Abundant water & tragedy of thirst

From the most ancient times this tract of the lower Euphrates has been a garden. It was a cradle of early civilisation, a meeting place between Sumer and Arab, and later between the Persians and Arabs. It is a rich, well watered country, with date-palms and pomegranate groves.

Its fruitful fields can feed populous cities and its luscious pastures attract the nomad Arabs of the desert, with their great flocks and herds. It is of particularly tragic significance that on the border of such a well-watered land, should have been enacted the tragedy of great and good men dying of thirst and slaughtered because they refused to bend the knee to the forces of iniquity.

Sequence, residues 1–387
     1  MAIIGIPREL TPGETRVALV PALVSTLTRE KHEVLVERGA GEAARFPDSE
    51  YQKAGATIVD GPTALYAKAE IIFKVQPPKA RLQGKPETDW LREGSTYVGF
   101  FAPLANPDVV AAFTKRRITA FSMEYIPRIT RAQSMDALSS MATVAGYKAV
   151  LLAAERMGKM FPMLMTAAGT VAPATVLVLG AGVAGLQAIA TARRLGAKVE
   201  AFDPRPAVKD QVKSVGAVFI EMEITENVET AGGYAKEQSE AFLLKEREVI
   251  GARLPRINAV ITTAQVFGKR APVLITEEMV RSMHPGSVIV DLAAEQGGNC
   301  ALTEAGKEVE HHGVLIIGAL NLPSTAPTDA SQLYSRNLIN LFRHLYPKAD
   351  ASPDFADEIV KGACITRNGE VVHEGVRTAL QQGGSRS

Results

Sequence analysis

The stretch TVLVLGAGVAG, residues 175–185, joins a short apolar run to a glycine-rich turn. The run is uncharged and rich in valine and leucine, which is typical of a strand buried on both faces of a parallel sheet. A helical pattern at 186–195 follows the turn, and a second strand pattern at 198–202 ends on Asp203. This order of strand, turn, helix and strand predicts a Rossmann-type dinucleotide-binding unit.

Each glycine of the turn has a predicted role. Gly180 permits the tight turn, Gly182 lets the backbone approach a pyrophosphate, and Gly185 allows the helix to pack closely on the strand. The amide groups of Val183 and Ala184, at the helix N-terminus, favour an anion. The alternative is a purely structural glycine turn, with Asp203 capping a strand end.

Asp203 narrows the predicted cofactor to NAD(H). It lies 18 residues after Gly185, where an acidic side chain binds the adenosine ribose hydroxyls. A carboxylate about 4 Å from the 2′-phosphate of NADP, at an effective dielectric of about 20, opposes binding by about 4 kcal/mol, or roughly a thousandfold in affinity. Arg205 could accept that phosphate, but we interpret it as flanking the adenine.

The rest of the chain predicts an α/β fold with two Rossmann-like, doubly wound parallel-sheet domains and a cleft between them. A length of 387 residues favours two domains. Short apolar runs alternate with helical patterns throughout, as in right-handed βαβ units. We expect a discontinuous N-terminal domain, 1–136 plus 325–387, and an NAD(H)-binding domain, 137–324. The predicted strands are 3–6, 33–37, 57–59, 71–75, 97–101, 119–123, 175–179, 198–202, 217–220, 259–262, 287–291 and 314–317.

The English poet's lines“Water, water everywhere, and not a drop to drink” are brought home forcibly to you in this borderland between abundant water and desolate sands.